The almost 3 per cent slide in the gold price over the past month has prompted speculation that the yellow metal’s rally is over. A stronger US dollar, optimism about US-China trade talks and rising equity markets have combined to knock the haven asset from an 11-month high. Its decline from just over $1,340 a troy ounce has been mirrored by a drop in the amount of physical gold in exchange traded funds, which has dipped to 71.8m tones, from 73.3m at the end of January.
The money investors have ploughed into ETFs helped drive the 14 per cent rise in the gold price from its most recent low in August of $1,173 an ounce, as markets grew increasingly anxious about the health of the global economy and were unsettled by huge swings in equity markets.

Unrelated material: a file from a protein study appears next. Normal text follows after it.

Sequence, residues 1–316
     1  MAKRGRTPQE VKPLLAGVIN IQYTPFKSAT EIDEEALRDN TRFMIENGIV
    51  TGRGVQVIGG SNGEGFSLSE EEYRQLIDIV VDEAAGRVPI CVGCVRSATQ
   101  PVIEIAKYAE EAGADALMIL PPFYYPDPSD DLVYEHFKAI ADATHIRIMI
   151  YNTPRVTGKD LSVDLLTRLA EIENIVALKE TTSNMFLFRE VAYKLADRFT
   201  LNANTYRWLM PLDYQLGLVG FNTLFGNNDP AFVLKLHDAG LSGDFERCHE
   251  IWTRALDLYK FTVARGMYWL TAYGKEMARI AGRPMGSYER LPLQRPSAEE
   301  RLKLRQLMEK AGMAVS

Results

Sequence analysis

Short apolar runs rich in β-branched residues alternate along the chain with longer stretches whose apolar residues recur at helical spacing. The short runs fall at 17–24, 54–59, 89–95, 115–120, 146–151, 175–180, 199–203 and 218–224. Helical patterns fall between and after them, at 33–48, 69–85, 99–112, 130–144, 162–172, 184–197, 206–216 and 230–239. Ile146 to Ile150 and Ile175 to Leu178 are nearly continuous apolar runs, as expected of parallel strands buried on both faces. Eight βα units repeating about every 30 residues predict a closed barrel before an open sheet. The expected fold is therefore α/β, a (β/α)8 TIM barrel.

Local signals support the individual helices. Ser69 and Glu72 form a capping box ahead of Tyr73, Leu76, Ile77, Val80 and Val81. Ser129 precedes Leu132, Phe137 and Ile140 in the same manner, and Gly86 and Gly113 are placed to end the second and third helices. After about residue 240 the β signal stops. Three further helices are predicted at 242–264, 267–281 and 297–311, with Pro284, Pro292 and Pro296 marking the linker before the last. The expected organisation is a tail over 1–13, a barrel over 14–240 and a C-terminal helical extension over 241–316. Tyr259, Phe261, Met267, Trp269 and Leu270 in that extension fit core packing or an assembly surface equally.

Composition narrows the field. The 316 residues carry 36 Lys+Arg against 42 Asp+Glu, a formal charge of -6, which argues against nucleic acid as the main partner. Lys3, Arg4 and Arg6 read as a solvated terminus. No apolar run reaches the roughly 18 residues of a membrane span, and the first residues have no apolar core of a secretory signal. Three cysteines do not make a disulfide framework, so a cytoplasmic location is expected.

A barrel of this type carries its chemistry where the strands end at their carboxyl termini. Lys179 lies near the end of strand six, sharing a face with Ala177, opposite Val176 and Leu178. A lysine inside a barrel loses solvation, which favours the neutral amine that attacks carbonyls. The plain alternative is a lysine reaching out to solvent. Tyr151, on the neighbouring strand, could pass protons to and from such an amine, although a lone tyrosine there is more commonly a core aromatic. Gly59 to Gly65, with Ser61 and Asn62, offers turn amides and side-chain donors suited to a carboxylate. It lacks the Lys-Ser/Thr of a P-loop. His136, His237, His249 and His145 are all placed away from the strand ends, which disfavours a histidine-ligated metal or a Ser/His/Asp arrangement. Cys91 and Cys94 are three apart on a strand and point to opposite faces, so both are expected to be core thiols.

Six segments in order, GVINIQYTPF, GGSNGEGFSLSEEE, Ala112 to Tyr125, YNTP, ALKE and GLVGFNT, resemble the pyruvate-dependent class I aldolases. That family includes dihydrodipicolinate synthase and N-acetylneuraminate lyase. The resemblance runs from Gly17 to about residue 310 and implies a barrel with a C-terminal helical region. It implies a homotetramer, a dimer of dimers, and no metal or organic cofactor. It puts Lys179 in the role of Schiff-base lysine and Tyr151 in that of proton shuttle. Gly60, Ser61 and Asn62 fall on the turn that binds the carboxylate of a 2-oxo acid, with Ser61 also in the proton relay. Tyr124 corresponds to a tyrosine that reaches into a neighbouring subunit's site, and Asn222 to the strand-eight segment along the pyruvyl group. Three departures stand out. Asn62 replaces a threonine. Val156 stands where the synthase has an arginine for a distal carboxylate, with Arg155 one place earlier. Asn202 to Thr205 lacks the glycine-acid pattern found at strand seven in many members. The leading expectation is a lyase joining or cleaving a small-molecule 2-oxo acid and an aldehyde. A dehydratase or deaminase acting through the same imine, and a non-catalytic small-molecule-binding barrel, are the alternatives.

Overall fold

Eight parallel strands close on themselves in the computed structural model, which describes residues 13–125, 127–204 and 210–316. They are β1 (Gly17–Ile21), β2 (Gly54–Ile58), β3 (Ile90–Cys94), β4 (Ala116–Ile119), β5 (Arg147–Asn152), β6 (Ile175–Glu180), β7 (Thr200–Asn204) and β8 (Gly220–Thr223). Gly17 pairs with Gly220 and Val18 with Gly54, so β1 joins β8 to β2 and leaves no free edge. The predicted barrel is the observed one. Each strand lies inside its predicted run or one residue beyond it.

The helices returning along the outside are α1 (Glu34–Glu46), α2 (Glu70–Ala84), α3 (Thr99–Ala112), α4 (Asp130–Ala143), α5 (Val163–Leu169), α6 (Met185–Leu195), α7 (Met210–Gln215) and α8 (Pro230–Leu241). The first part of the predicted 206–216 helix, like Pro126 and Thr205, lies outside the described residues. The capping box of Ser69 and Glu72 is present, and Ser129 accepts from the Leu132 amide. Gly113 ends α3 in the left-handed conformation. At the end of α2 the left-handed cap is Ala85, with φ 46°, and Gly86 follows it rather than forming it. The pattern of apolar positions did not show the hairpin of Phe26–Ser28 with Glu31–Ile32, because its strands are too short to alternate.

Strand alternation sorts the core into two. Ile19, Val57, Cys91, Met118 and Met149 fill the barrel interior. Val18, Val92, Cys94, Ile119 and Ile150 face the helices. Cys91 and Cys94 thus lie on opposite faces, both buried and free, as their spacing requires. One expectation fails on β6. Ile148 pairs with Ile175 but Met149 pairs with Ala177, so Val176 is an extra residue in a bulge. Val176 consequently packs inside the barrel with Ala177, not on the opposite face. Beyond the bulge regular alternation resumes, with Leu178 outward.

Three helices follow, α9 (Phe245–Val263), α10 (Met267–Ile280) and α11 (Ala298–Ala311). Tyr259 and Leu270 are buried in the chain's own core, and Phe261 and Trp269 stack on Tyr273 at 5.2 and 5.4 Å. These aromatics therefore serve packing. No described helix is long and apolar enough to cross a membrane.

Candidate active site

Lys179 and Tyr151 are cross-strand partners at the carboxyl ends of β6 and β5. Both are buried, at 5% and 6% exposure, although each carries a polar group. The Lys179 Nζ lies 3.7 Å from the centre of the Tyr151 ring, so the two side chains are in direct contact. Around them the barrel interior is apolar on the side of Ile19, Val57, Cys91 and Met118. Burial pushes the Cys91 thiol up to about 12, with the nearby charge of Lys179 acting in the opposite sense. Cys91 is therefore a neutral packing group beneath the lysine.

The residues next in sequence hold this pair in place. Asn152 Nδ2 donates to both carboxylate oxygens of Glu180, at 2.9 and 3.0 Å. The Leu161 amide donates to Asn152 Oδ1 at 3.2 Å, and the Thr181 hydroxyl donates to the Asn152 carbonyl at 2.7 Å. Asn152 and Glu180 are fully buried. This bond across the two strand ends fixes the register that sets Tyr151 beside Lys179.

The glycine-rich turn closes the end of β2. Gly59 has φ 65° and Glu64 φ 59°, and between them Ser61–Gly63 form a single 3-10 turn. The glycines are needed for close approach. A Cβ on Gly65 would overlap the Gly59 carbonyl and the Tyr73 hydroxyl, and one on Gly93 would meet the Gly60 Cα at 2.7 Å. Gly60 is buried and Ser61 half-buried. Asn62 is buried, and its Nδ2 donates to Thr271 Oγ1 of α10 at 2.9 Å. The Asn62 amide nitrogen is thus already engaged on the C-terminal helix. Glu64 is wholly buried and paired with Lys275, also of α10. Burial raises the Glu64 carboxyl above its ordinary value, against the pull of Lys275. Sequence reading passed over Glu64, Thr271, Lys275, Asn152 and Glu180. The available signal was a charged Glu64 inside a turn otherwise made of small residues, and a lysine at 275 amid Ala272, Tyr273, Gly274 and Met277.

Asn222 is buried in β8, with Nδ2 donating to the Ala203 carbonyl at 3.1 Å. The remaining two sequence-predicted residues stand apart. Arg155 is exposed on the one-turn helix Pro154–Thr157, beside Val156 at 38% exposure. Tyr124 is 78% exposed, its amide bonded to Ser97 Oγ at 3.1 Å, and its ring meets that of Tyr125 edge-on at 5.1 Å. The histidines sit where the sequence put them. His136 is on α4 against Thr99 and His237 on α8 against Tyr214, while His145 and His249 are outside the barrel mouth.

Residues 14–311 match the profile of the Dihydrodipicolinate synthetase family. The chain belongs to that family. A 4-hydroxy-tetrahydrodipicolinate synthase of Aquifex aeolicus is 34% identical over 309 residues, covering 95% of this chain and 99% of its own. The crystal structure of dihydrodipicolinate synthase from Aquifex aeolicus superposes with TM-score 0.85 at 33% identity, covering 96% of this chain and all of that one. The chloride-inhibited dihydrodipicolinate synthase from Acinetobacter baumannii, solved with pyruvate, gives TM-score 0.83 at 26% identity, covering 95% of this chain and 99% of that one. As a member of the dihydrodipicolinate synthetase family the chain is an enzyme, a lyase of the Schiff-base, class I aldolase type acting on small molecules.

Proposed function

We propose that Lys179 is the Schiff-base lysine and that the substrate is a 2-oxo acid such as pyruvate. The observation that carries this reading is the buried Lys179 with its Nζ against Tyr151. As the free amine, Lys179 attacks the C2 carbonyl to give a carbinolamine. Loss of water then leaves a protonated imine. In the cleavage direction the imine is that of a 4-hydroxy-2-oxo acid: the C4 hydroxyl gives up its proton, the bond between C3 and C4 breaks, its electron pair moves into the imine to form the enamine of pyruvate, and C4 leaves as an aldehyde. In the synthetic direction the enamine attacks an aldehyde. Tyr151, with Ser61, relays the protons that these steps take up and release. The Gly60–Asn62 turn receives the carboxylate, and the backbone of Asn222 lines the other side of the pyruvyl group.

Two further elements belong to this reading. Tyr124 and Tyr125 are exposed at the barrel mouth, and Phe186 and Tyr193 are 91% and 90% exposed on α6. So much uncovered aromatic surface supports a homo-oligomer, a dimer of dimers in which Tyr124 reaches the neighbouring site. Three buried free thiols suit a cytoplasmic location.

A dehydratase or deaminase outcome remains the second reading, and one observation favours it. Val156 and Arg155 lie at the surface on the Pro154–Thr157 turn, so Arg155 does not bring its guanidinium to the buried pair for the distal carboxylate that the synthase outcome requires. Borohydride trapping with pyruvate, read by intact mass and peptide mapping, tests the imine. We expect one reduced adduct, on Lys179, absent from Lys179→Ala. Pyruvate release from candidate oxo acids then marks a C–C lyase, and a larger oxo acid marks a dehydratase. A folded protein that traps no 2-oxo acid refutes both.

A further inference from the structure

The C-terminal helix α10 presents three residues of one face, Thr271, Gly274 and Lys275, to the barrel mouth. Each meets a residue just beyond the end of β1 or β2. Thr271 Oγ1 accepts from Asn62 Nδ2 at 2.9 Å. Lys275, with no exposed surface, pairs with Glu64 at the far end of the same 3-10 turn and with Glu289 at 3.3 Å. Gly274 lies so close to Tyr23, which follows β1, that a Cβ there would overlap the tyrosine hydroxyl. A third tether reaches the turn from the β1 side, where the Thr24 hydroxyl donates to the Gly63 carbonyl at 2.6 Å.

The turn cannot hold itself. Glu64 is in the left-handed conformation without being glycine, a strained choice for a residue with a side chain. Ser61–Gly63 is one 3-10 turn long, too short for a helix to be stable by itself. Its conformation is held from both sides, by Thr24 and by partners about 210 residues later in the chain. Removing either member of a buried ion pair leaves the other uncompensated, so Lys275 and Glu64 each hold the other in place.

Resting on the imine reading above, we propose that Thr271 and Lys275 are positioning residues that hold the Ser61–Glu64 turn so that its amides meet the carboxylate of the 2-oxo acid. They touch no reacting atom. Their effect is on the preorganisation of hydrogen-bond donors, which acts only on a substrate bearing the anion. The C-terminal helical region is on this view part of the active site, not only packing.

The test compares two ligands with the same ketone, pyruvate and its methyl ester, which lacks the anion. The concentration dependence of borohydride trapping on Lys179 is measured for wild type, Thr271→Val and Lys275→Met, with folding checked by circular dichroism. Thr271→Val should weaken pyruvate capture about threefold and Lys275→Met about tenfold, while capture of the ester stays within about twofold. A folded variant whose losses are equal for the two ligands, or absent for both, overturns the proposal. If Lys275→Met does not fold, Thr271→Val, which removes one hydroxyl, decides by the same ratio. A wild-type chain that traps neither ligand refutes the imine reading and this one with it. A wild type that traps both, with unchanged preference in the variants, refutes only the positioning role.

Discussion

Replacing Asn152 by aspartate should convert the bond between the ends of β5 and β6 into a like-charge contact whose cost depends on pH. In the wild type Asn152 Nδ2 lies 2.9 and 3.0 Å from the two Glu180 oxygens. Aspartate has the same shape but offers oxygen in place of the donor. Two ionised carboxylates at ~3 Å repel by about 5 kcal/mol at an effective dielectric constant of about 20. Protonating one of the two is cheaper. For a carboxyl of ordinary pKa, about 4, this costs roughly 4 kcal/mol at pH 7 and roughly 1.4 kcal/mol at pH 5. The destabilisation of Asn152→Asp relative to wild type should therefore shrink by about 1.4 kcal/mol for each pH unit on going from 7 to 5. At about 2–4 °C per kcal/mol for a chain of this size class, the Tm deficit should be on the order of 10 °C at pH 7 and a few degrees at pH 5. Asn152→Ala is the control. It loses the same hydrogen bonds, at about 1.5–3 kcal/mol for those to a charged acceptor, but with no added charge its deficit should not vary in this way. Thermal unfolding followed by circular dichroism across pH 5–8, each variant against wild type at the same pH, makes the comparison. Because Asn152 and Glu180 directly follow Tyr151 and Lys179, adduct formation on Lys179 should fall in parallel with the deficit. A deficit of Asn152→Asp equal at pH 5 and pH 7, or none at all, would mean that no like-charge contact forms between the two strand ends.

While those concerns have eased, analysts say there are still reasons for remaining bullish on gold. A combination of the Federal Reserve signaling a pause in its series of interest rate rises and stronger growth in emerging markets will lead to a weaker US dollar, which should help the gold price.
Meanwhile a slowing European economy and the European Central Bank’s decision to push the possibility of higher interest rates further into the future are reasons the yellow metal should remain popular with investors in the region, where ETF’s gold holdings have also continued to rise over the past three years.